Rabbi Darby Leigh
Rabbi Darby Jared Leigh, a native New Yorker, is a life-long “truth-seeker.” His rabbinate is characterized by creativity, inclusivity, and a commitment to diversity. Rabbi Darby describes himself as “committed to finding creative ways to engage Jews of all ages and backgrounds and to creating welcoming, caring communities with intellectual honesty and spiritual depth.”
“I knew I wanted to become a rabbi,” he shares. “I wanted to sing and dance and pray, to engage people in this search for truth. But I pushed the thought away. A deaf rabbi?”
His rabbinate is characterized by creativity, inclusivity, and a commitment to diversity—he is a life-long truth-seeker.
Rabbi Darby received a BA in Religion Summa Cum Laude from the University of Rochester. He then toured with the National Theater of the Deaf (NTD) and served as a social worker and counselor at the New York Society for the Deaf. Leigh earned a MA in Religion from Columbia University and his rabbinic ordination and a Master of Arts in Hebrew Letters from the Reconstructionist Rabbinical College.
He was honored to be featured in the ABC and NBC Emmy-nominated documentary, A Place for All: Faith and Community for Persons with Disabilities(See an overview clip here) He also served as a consultant for the Oscar-nominated documentary film Sound and Fury and for Hands On, an organization that provides sign-language interpreting services for Broadway and off-Broadway productions. Rabbi Darby has been a speaker for the New York City Mayor’s Office for People with Disabilities and other organizations where he has taught on issues related to deafness and disability access.
Rabbi Darby was selected to be one of the first fellows of “Rabbis Without Borders,” an initiative of the National Jewish Center for Learning and Leadership (CLAL). He also served LGBTQ Jews, their friends and families in NYC, where he spent two years as a rabbinical intern at Congregation Beit Simchat Torah.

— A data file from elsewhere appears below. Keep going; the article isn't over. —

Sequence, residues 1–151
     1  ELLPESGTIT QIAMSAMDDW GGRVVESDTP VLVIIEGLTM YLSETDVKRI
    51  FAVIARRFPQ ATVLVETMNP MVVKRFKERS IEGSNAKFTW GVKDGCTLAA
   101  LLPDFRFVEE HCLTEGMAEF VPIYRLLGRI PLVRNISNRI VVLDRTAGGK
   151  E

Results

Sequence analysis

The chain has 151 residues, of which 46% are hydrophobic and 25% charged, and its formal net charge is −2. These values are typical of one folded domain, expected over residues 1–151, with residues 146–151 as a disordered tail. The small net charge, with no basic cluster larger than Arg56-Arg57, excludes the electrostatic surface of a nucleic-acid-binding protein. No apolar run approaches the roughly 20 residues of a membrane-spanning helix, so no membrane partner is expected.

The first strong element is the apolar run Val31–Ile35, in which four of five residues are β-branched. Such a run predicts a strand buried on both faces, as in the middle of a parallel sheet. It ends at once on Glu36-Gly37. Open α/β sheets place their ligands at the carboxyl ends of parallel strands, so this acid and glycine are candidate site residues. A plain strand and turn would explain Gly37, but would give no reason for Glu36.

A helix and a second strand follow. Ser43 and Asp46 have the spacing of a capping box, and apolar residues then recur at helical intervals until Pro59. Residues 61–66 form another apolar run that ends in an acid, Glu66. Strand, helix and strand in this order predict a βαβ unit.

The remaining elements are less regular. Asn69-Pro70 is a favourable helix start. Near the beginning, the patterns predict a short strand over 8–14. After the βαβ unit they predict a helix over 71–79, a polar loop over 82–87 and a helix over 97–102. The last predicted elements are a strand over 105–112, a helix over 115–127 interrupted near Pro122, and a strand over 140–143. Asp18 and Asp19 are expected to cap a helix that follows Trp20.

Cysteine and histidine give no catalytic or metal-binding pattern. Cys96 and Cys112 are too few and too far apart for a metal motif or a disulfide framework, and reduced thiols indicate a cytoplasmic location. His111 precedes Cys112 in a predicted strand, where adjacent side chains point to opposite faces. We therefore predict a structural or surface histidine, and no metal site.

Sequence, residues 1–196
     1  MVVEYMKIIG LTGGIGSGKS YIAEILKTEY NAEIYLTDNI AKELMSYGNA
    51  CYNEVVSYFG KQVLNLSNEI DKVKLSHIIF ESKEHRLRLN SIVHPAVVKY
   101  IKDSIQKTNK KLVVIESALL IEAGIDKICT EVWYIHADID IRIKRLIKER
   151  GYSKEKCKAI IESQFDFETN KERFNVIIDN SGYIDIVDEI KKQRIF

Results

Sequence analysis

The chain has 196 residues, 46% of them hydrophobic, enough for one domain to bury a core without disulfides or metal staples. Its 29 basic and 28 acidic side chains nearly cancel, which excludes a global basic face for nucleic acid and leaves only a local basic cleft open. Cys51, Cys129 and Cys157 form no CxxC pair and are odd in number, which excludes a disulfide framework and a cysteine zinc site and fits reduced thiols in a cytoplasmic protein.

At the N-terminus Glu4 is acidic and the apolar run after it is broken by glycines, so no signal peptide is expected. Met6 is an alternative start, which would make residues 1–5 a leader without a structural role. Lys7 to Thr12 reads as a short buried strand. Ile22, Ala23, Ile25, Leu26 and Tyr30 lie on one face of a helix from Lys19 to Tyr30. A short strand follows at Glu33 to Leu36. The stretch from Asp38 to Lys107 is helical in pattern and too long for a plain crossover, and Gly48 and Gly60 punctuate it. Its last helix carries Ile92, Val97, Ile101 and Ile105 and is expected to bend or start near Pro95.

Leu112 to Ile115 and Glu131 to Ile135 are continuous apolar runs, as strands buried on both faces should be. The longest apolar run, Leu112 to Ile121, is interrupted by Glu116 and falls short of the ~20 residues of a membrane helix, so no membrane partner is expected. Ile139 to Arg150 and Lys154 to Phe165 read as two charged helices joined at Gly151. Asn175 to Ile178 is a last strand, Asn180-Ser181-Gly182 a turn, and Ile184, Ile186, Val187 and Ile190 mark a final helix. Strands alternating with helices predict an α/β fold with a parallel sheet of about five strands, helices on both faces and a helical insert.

He served as a faculty member at the Academy for Jewish Religion; as an Associate/Sabbatical Rabbi at B’nai Keshet in Montclair NJ; as a rabbi of The New Shul in NYC; as a student rabbi of Or HaNeshamah in Ottawa, Canada; and as a rabbinic educator with Hillel at Temple and Drexel Universities in Philadelphia.
Rabbi Darby and his wife, Randi, are the proud parents of three daughters, Rayna, Ariza, and Sivan. He is a passionate snowboarder and fire-juggler, loves mountains, and has toured as a leading actor with the Tony award-winning National Theater of the Deaf (NTD) and has also appeared on stage with the rock bands Jane’s Addiction and Twisted Sister!
Scheduling Times to Meet with Rabbi Darby Leigh
Rabbi Darby is available to meet with congregants one-on-one to discuss any matter that is on their minds—he loves to spend time with people, even if it is just to schmooze! If you would like to schedule a meeting, please contact the office at .
Rabbi Darby in the Media
Kerem Shalom’s Rabbi Darby Authors Chapter in Deaf Identities — Exploring New Frontier
Rabbi Darby was featured in the Concord Journal and Jewish Boston in an article highlighting his contribution to Deaf Identities —Exploring New Frontier and his role in bringing ASL classes and an ASL chorus to Kerem Shalom.
An excerpt: “Rabbi Leigh, was the perfect expert to offer the Jewish viewpoint for the book—he is one of few D/deaf rabbis in the world. As an expert in Torah, who has travelled extensively teaching Torah analysis, he could offer the full analysis of moving in D/deaf and non-deaf religious worlds.”
Tablet Magazine: 15 American Rabbis You Haven’t Heard Of, But Should
“…Our aim is to highlight the work of Jewish leaders and teachers who don’t typically command the national spotlight—none of them ever appeared on Newsweek’s list—but whose influence has been profound….”
“These are rabbis you haven’t heard of, but should. They are the mentors whose synagogues and teachings are well worth exploring during this year’s High Holidays season.”